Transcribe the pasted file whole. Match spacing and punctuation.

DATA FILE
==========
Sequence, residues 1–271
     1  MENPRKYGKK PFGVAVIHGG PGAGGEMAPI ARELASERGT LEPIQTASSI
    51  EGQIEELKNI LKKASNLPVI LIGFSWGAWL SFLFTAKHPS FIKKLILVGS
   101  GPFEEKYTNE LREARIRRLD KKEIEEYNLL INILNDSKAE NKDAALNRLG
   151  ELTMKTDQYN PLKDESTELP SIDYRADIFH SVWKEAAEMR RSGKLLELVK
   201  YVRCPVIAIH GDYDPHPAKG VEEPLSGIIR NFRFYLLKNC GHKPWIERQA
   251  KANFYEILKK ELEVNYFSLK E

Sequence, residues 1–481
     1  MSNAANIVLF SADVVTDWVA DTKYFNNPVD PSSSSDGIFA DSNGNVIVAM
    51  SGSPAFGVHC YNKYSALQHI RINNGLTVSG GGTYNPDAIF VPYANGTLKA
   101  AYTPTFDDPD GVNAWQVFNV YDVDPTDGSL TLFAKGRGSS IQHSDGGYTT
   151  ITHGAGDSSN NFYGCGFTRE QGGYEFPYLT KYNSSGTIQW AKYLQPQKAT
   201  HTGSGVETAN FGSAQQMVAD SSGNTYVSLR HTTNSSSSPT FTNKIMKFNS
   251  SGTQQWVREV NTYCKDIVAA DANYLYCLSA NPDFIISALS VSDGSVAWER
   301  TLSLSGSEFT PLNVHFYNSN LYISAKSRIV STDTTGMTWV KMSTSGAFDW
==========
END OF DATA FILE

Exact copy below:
Sequence, residues 1–271
     1  MENPRKYGKK PFGVAVIHGG PGAGGEMAPI ARELASERGT LEPIQTASSI
    51  EGQIEELKNI LKKASNLPVI LIGFSWGAWL SFLFTAKHPS FIKKLILVGS
   101  GPFEEKYTNE LREARIRRLD KKEIEEYNLL INILNDSKAE NKDAALNRLG
   151  ELTMKTDQYN PLKDESTELP SIDYRADIFH SVWKEAAEMR RSGKLLELVK
   201  YVRCPVIAIH GDYDPHPAKG VEEPLSGIIR NFRFYLLKNC GHKPWIERQA
   251  KANFYEILKK ELEVNYFSLK E

Sequence, residues 1–481
     1  MSNAANIVLF SADVVTDWVA DTKYFNNPVD PSSSSDGIFA DSNGNVIVAM
    51  SGSPAFGVHC YNKYSALQHI RINNGLTVSG GGTYNPDAIF VPYANGTLKA
   101  AYTPTFDDPD GVNAWQVFNV YDVDPTDGSL TLFAKGRGSS IQHSDGGYTT
   151  ITHGAGDSSN NFYGCGFTRE QGGYEFPYLT KYNSSGTIQW AKYLQPQKAT
   201  HTGSGVETAN FGSAQQMVAD SSGNTYVSLR HTTNSSSSPT FTNKIMKFNS
   251  SGTQQWVREV NTYCKDIVAA DANYLYCLSA NPDFIISALS VSDGSVAWER
   301  TLSLSGSEFT PLNVHFYNSN LYISAKSRIV STDTTGMTWV KMSTSGAFDW